allergies, asthma, baby shampoo, Dogs, marijuana, paternity test, pets, Television, TV, violence | Categories:
Friday, June 8th, 2012
Report: 16 Percent of US Teens Have Considered Suicide
Nearly 16 percent of high school teens nationwide admitted they had considered suicide within the previous year, according to an annual survey published Thursday by The Centers for Disease Control and Prevention.
Food Allergies More Common in City Kids
Researchers found that the share of children with any type of food allergy was 9.8 percent in cities, 7.2 percent in suburban areas, and 6.2 percent in rural areas.
How 11 New York City Babies Contracted Herpes Through Circumcision
An ultra-Orthodox Jewish circumcision ritual is found to cause neonatal herpes infections in newborns in New York City, prompting health officials to encourage parents to consider the health risks of the practice.
UNICEF Targets Deadly Diarrhea, Pneumonia in Poor Kids
Concerted efforts to control diarrhea and pneumonia, the biggest killers of children under the age of five, could save the lives of up to 2 million of the world’s poorest children each year, the United Nations Children’s Fund said on Friday.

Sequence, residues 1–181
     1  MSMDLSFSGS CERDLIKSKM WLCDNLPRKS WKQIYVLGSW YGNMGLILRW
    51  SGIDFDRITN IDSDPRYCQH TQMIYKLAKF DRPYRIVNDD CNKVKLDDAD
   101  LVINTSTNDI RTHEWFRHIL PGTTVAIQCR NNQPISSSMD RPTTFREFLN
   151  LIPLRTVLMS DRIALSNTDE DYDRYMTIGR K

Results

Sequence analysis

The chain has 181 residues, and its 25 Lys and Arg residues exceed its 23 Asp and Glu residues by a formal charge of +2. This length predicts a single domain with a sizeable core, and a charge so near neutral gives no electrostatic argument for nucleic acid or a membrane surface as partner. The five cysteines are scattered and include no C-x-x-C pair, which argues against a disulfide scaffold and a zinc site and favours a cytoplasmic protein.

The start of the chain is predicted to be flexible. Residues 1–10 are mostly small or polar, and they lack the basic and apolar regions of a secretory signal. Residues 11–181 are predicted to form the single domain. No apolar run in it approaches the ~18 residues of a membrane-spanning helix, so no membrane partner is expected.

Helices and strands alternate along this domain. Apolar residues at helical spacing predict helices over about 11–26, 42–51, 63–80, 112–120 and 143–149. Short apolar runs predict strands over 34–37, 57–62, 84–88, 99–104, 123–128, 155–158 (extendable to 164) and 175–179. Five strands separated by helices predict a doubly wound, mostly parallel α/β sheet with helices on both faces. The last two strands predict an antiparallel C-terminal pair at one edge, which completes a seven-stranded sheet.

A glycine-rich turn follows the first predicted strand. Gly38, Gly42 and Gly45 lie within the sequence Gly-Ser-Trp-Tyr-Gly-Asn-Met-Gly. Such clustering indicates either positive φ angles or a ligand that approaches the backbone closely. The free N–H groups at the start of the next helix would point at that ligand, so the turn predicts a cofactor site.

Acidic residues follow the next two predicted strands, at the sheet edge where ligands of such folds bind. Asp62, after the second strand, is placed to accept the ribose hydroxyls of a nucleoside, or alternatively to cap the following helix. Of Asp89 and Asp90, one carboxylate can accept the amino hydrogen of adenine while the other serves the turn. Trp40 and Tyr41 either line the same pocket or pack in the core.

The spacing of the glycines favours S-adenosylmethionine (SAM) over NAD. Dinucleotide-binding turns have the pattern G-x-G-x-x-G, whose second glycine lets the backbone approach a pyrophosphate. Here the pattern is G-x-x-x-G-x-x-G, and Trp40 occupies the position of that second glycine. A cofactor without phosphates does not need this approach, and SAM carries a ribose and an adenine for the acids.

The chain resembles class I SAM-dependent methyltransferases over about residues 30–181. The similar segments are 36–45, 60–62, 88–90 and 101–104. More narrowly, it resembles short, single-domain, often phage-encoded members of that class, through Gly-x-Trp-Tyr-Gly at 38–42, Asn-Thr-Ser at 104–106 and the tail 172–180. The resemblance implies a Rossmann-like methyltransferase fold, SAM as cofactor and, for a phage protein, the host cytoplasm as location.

More Teens Smoke Pot than Cigarettes, Says CDC Survey
The Centers for Disease Control and Prevention reported Thursday that 23 percent of high school students said they recently smoked marijuana, while 18 percent said they had puffed cigarettes.
Mom Goes After Stroller Thief, Busts Million-Dollar Crime Ring
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Don’t mess with mom. That’s the moral of this awesome story about a Chicago mom who went after the guy who stole her stroller and ended up uncovering a huge crime ring.
Thursday, December 15th, 2011
Failure Rate of Schools Overstated, Study Says
A study by the Center on Education Policy says that under the No Child Left Behind law, 48 percent of schools would be labeled as failing this year — not 82 percent.
Marijuana Use Growing Among Teenagers
Marijuana use among teenagers has reached a 30-year peak even as use of alcohol, cigarettes and cocaine continues a slow decline, according to a new government report.